Our industry’s wholesale financial market post-trade infrastructure is increasingly unfit for purpose.
The mechanism for moving money is dated. While trading can, and does, take place in real time, it takes at least 24 hours for the buyer and seller to agree to settlement criteria and to move funds.
This not only creates enormous settlement risk, but also locks up funds for extended periods of time. Banks’ funding and liquidity profiles are impacted, as are the buffers they need to hold in their accounts.
The extent of the problem
Putting this into context, the Bank for International Settlements (BIS) estimated in 2019 that, of the close to $19 trillion of FX being settled each day, almost $9 trillion is settled without any protection against counterparty default. $9 trillion is nearly twice the annual GDP of Japan.
In the case of conventional bilateral, non-PvP settlement, it is almost impossible for each counterparty to predict when the other is going to meet its obligation. Therefore, to ensure that they always have sufficient liquidity available to meet their cash obligations, banks need to carry large balances in their nostro accounts.
A 2018 report by Oliver Wyman estimated that between 10-30% of a bank’s total liquidity reserves are the result of intraday liquidity requirements, with an approximate negative cost of carry of 100bps. For large banks, the report states, this typically amounts to $100-300m of funding costs annually stemming from intraday liquidity. In the current economic climate this cost is only likely to rise.
The major centralised settlement processes used today are batch-based, limit direct access to the largest financial institutions, limit the number of asset classes which can be settled and rely on legacy technology. Users are constrained by the processes’ inflexibility and lack of configurability. Further constraints exist in terms of restricted coverage by currency and by counterparty.
In short, the problem is getting worse: with market volumes rising, the likelihood of a major systemic glitch occurring is very real.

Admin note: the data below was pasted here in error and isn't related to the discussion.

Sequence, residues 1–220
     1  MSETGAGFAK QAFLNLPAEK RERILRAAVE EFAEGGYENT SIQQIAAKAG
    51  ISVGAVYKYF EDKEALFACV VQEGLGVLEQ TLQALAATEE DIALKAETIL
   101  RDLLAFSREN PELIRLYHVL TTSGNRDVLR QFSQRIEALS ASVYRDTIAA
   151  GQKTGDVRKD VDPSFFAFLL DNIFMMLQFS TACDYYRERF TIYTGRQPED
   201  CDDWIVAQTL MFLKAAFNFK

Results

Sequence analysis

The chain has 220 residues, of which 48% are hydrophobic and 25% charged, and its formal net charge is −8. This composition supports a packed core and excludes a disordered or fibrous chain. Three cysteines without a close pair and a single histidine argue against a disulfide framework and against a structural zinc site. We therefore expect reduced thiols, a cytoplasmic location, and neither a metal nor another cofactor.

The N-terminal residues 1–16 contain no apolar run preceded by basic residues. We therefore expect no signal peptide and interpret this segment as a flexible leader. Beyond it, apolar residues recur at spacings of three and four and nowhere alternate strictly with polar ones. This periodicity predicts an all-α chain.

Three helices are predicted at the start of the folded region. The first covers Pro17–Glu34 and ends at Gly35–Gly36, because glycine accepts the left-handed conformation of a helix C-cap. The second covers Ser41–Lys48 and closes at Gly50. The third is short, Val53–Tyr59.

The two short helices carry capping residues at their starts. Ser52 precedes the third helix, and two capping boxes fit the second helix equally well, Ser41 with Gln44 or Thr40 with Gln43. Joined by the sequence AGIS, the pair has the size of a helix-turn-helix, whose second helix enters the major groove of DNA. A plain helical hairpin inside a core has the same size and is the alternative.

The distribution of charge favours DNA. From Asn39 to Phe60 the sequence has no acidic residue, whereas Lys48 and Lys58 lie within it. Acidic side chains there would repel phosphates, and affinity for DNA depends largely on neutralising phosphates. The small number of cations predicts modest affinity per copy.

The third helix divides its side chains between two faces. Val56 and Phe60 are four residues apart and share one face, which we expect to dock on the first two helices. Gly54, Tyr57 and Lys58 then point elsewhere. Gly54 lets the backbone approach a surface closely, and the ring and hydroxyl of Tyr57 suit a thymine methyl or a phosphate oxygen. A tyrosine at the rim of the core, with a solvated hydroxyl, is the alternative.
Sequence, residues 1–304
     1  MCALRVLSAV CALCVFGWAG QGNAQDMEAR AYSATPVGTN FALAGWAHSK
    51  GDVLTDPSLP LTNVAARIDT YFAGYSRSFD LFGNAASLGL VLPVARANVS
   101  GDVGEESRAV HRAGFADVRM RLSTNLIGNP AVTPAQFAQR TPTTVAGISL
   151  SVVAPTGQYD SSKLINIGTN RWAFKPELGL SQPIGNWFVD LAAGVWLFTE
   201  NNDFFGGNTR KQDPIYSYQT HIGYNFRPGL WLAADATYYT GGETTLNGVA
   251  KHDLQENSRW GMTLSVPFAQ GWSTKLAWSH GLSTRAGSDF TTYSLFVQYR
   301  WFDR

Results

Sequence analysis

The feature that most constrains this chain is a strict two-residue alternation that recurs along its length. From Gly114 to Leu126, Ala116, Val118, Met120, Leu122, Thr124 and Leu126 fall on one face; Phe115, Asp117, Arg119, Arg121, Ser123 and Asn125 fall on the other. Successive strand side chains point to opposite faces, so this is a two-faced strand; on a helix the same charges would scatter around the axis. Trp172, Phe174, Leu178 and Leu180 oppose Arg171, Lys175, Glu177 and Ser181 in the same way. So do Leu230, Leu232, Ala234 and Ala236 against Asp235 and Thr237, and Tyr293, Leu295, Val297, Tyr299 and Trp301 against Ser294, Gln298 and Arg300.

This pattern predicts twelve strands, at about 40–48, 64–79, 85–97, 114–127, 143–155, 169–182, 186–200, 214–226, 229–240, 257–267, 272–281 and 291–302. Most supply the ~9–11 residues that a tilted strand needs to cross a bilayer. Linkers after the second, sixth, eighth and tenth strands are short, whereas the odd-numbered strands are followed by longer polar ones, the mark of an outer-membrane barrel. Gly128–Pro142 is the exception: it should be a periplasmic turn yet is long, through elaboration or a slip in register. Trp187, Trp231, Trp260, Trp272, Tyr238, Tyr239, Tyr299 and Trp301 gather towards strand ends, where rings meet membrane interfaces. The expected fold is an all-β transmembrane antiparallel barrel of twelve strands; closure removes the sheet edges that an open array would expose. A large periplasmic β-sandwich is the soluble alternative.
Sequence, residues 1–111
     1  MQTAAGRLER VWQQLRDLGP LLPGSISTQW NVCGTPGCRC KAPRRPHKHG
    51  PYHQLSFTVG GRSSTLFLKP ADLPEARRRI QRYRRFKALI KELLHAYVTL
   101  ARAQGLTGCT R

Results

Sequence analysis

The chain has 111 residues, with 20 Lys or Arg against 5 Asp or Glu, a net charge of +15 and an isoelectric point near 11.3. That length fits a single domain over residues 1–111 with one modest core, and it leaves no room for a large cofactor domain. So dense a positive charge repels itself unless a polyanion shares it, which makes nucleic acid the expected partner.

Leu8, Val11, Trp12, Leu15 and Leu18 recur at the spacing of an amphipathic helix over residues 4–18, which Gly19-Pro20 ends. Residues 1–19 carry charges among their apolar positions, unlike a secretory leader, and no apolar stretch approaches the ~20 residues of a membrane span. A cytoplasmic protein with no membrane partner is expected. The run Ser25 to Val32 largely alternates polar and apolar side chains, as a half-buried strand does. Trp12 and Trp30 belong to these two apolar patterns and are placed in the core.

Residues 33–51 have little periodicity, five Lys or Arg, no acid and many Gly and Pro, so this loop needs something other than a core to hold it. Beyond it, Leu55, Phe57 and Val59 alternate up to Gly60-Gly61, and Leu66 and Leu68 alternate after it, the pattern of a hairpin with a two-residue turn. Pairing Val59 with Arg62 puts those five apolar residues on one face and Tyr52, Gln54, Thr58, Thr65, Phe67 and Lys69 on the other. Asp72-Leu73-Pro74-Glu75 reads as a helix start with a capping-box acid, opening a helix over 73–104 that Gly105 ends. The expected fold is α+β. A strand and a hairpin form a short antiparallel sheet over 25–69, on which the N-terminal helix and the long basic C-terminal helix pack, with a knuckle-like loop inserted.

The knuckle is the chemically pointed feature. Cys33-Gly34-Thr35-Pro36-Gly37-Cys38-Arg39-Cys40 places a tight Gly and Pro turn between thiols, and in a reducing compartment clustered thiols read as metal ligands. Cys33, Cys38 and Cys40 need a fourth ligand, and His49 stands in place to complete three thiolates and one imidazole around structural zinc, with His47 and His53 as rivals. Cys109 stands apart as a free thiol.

Implementing new technology
It’s clear the market needs a settlement solution that isn’t specific to one asset class or one line of business (as is often the case currently). The solution needs to solve the problems of today while extending to the asset classes of the future, leveraging the efficiencies of advanced cloud and data analytics.
The entire post-trade process needs to be covered, from matching all the way to settlement, allowing for the efficient and automated netting of transactions as well as for riskless fast settlements or payments.
However, ‘rip and replace’ is not an immediate option for most firms: they need a highly reliable and secure solution which can interoperate with existing legacy systems and business processes.
Addressing current and future challenges
Distributed ledger technology (DLT) brings the speed, transparency, choice, auditability and non-repudiation required by market participants today. It is immutable, resilient and tamper resistant.
Practically, DLT offers a single source of truth to the principles of a transaction. Both parties can be confident that the values derived from the netting calculations are correct, and there is no need to reconcile the outcomes separately. Payments can, and should, be made very effectively immediately thereafter.
DLT also provides the ability to run collaborative, or smart, workflows where each party is running a common process off a common set of data. These workflows not only present opportunities with regards to automation and speed of processing but the technology exists today to allow the delivery of PvP settlement in a fully automated and configurable manner. This eliminates the need for firms to resort to resource-heavy, manual processes which are subject to human error.
By applying 21st century technology to outdated post-trade processes, the instant transfer of funds with full transparency and auditability can be achieved, making the uncertainty of 24-hour settlement cycles a thing of the past.
DLT-based technology can operationalise many of the benefits of blockchain for capital markets, providing a proven and scalable framework for the riskless settlement of assets.
Image and article originally from www.fintechfutures.com. Read the original article here.